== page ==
Customs’ midnight raid on Ibadan market lawless, reckless


Legal practitioners have described as illegal and unconstitutional, the raid of Bodija market, Ibadan by operatives of the Nigeria Customs Service (NCS) in the night, emphasizing that it is a breach of fundamental human rights and an oppressive, provocative, unconscionable act of executive lawlessness.

This is just as the NCS insisted that it had the constitutional power to raid any spot for smuggled goods, adding that Nigerians often sympathise with smugglers who see what they do as business and not crime.

A Senior Advocate of Nigeria (SAN), Yomi Aliu, stated that it is an illegal act that should not be allowed to go without punishment, as it is simply a breach of rights and against the constitution of Nigeria, reiterating that “it was a serious breach of the fundamental human rights of the market women. The constitution is supreme to any other law the Customs may wish to rely on. It is trespass.

“Apart from being an act of brigandage, it is oppressive, provocative, unconscionable and executive lawlessness. The women should sue the life out of Customs to put an end to this. What they took bribe to allow into Nigeria, they are now using night cover to do in private shops. Shooting their preys from behind. Did they have any search warrant? And if they had, could same be executed behind the owners of the shops? This is a gross act of impunity,” Aliu stated.

Also speaking, another SAN, Emeka Ozoani, said the invasion of the market at night by Customs officials was nothing but an act of brigandage which has no evidential credibility in law, adding that the market women should sue Customs for trespass.

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“The invasion of Bodija market in the middle of the night and subsequent forceful entry into people’s shops was unlawful and an act of brigandage. The alleged discoveries by Customs officers have no evidential credibility in law.
“The market women have the right to sue Customs within three months for trespass, stealing, destruction of their stalls, conversion and dentine of their wares, among other forms of illegality,” Ozoani said.

On his part, Mr Toyese Owoade from the Afe Babalola chambers, said the officers of the NCS were generally given the powers, authorities and privileges as given to the police, adding that this is contained in Section 8 of the Customs and Excise Management Act. CAP C45, Vol 4 LFN 2004. According to him, “by implication, they have the powers to arrest and seize any good reasonably suspected to have been unlawfully imported by any person. Such unlawful act may be due to the failure of such person to pay the necessary import duty/proper documentation or due to the outright prohibitiom of importation of the goods.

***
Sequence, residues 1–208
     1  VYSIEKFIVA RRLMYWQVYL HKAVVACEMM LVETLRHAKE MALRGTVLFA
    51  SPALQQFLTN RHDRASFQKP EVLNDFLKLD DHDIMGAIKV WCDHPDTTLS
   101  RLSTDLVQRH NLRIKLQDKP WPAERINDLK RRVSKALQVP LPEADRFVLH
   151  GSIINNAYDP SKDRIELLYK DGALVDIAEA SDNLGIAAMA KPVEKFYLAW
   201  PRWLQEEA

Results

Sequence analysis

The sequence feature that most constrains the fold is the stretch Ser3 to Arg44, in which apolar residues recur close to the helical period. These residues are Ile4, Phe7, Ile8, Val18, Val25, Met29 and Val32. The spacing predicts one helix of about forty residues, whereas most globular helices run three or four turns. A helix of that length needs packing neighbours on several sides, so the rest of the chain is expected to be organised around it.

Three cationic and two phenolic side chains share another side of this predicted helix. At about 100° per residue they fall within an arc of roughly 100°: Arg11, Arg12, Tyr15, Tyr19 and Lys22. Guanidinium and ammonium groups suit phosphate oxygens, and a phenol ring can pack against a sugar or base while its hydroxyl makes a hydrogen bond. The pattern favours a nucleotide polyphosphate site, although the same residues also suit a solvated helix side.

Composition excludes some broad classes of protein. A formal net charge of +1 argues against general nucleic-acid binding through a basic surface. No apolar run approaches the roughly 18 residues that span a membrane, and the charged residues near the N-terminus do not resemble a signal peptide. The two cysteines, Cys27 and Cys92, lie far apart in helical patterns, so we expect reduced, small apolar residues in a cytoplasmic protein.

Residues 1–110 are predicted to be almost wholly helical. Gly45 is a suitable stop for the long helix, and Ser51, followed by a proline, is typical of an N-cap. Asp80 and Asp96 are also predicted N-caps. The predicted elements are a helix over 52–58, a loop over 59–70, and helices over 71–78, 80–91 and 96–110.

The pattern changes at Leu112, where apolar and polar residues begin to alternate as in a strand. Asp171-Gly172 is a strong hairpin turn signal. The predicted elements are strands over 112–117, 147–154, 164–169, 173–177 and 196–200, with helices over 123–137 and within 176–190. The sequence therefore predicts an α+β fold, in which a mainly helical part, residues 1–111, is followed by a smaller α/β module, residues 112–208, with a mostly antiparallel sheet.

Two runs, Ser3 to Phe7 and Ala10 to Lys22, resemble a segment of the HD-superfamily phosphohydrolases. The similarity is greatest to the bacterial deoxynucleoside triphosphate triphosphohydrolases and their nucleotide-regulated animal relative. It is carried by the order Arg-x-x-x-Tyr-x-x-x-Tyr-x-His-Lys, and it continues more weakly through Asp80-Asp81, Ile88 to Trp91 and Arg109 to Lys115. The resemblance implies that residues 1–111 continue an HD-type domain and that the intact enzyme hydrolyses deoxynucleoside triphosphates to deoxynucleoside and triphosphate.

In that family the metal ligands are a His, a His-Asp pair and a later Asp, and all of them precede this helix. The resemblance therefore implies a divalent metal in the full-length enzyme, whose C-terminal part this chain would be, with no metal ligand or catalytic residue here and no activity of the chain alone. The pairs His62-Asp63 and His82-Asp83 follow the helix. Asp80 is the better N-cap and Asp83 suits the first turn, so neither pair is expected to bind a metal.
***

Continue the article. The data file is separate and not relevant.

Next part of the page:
“However, the case of Bodija market may be slightly different, given the circumstances surrounding the event. The raid on shops is not ultra vies of their powers under the law, the brazen manner in which it was, however, done is questionable. The raid on people’s shops in a market should have been done in a more professional manner, particularly when there was nothing to tell the shops the goods were actually taken from.

“With this grave error, the marketers concerned have a cause of action against the NCS. And more importantly, there is nothing to show that those alleged prohibited goods were all indeed prohibited. They have acted unprofessionally and have opened the agency up to false claims from the market men and women. The agency is liable because although the law permits them, they have carried out their duties improperly,” Owoade stated.

Monday Ubani, a lawyer of renown, advised the market women to seek redress in court. According to him, what the customs did is actionable saying that he is already handling such a case filed against them.

“I have a case in court against custom on this. They are stupid. The women should sue,” he said.

Reacting, the NCS has asserted that it is empowered not only to raid any premises reasonably suspected to have smuggled items, but also seize, remove and even arrest owners of such items for prosecution. The Customs Public Relations Officer (CPRO), Joseph Attah, stated this in an interview with Sunday Tribune in Abuja. Attah, a Deputy Comptroller of Customs, however, justified the raid, saying the Customs and Excise Management Act (CEMA) empowers the operatives to raid the market and declared that the law did not give any time limit to carry out such operation. For those who may want to question whether Customs has the power to so do, I want to say ‘yes’.

“Section 147 of Customs and Excise Management Act (CEMA) gives us the power to go into any premises – it can be shops, it can be market, it can be houses, anywhere that we reasonably believe that smuggled items are being kept.

“We are empowered to use reasonable force to remove any impediment to be able to access such items which we are also empowered to seize, remove, detain and if we see the owner, arrest, with a view to prosecuting such.”

Speaking further, Attah said it was not a strange thing for those whose smuggled items were seized to come up with allegations, which he said were meant to discredit Customs’ successful operation. According to him, impugning any kind of allegation would not necessarily discredit the lawful operation carried out successfully by the Customs operatives


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